Debunking Myths about English Language Learners

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In some cultures, students are embarrassed to speak in front of others, so I take this into account and don't call on these students in class.

This commonly-held belief about English language learners is particularly relevant to language instruction. I personally find the belief to be so unfounded (specious, really) as to be almost laughable for the reasons I will outline below. First, the belief is premised on the fallacy that there actually are (some) cultures where students are generally embarrassed to speak in front of others. Because individuals usually do not speak when alone (of course, there are exceptions as we do sometimes mutter to ourselves, but I would hold that even those who fervently support this belief would agree that most speaking takes place in the presence of others), if this premise were true, then there would have to be some cultures where individuals either never speak (except perhaps while alone and only to the mirror) or are always embarrassed when engaged in conversation. While the world is, admittedly, populated by thousands upon thousands of distinct cultures (many linguists posit that there are currently around 7,000 different languages spoken throughout the world), I have never heard of any culture where individuals do not speak at all when in the presence of others. Such a culture would seem to be completely at odds with human nature. Second, even if there are cultures where some individuals tend to feel anxious when speaking in front of groups (in fact, I would argue that in all cultures there are some individuals who are embarrassed to speak in front of others), this belief is built on a such a broad and sweeping generalization that it is almost impossible for it to be true, especially since the supposedly embarrassed students are completely unqualified (that is, in the numerical sense: not some students, many students or even most students). As Dr. Kris Gutierrez aptly pointed out, "there is more variation within groups than between groups" and so we would expect that within any cultural group, we should find individuals who run the gamut from timid and reticent to unreserved and garrulous, with all shades in between. Based on my personal experience, individual personalities play a far greater role in determining who sits in his chair looking down and who raises her hand trying to answer every question than do cultural tendencies. I have had students from societies in which our putatively easily-embarrassed students hail (such as China) who have talked my ear off and others from societies often stereotyped as outgoing and talkative (say, Italy or Brazil) who would hardly utter a word in class. I hope, then, that I have managed to deconstruct and demolish the first part of this "belief": it is inherently illogical and involves such an extreme overgeneralization that it cannot possibly reflect reality. Some might say that the belief is based on a grain of truth, but I have looked for that grain and cannot find it.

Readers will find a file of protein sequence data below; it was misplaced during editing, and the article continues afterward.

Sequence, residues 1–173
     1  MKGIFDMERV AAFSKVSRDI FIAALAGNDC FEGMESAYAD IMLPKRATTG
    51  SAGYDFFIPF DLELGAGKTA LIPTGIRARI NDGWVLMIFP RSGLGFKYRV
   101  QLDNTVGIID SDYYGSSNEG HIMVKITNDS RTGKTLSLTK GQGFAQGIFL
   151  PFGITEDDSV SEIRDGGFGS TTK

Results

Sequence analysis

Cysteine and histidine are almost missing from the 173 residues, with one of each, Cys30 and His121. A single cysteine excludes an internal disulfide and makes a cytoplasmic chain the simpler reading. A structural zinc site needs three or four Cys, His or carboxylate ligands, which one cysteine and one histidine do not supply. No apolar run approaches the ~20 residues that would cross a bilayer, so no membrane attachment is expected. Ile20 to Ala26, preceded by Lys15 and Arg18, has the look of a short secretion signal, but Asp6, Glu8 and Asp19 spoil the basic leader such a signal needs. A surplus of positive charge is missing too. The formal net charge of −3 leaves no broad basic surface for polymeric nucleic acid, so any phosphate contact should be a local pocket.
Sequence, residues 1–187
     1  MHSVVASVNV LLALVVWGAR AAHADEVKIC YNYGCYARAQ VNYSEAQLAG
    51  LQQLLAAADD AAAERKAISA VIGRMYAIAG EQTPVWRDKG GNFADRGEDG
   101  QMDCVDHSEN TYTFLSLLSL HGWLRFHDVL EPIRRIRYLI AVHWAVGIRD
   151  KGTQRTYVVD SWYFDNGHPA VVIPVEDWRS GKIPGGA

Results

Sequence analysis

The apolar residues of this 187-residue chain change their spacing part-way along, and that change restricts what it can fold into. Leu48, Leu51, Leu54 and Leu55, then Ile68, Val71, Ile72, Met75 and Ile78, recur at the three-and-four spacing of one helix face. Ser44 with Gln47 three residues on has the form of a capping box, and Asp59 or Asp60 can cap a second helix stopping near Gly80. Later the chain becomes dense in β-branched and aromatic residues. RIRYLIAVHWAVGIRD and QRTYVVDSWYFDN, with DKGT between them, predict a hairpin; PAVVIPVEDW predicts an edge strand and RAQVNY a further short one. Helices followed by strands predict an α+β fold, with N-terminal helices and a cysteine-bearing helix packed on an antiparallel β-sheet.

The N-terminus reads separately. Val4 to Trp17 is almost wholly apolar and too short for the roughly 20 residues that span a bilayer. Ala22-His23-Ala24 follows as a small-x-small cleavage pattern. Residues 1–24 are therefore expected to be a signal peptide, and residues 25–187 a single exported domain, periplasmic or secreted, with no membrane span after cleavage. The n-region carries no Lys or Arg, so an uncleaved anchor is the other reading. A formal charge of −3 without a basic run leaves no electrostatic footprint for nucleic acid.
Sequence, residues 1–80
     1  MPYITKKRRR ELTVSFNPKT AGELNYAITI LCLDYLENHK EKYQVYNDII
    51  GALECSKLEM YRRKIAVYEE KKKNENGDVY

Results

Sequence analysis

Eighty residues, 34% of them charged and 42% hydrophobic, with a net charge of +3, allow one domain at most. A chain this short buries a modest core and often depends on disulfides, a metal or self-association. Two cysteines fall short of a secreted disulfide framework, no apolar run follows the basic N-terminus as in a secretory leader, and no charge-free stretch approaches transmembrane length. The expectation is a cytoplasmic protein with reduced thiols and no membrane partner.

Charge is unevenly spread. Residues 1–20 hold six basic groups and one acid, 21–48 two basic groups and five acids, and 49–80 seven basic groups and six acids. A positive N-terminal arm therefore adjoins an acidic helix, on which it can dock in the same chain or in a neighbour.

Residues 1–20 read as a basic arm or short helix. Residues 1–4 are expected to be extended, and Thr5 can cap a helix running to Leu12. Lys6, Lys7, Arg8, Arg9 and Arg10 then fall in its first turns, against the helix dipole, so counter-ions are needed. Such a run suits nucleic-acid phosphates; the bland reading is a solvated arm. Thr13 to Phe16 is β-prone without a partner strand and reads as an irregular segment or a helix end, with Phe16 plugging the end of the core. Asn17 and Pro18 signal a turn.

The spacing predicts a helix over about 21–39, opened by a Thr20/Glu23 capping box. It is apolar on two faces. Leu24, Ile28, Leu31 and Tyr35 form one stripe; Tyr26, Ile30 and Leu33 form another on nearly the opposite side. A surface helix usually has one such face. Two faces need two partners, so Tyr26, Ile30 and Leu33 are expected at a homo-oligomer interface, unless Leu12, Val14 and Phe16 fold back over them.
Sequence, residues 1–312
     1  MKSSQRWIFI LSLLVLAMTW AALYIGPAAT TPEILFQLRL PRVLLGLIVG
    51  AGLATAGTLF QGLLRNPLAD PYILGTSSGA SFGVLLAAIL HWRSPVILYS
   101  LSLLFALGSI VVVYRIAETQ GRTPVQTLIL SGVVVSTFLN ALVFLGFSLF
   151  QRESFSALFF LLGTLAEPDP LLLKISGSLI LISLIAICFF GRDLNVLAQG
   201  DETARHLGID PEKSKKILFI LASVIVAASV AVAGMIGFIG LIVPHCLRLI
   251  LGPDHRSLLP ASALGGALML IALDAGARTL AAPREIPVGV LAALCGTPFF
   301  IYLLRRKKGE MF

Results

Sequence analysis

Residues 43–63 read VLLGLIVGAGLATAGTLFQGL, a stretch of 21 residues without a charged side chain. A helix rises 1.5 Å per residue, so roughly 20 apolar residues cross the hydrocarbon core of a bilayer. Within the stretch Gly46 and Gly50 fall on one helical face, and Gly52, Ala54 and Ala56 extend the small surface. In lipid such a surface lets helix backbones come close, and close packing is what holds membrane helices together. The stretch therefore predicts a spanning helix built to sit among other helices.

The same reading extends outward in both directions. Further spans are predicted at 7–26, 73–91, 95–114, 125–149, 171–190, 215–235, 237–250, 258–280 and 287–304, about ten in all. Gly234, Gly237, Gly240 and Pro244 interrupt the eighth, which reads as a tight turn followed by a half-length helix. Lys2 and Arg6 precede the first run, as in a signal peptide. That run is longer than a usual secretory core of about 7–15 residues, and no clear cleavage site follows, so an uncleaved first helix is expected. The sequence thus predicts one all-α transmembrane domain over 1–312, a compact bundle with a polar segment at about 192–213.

Next, I would like to turn to the second part of this belief to address the wisdom of not calling on students who may be embarrassed to speak in front of others, because such students do of course exist, even though they are more-or-less evenly distributed among cultures. I believe that this part of the belief is fundamentally flawed in at least two respects. First, even if some students do feel anxiety or become embarrassed when speaking in front of others, they must nevertheless be given meaningful opportunities to practice the language they are learning; otherwise, without practicing and producing the language, it will be impossible for them to acquire it and so the entire project will fail. If language instructors do not address the needs of all students (including those with performance anxiety), then the ignored students might as well not even show up for class, since completely ignoring students is tantamount to banishing them from the classroom altogether. Second, as we learned from Steele and Waters, many students are able to "rise to the challenge" when presented with challenging yet attainable goals and encouraged in effective ways (such as being told in a genuine manner that they have the ability to meet the challenge before them).

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This page contains a single entry by Richard McDorman published on August 24, 2012 12:09 PM.

Contact or Contagion? The Impact of Globalization on Culture was the previous entry in this blog.

Cultural Pluralism vs. Cultural Hybridity is the next entry in this blog.

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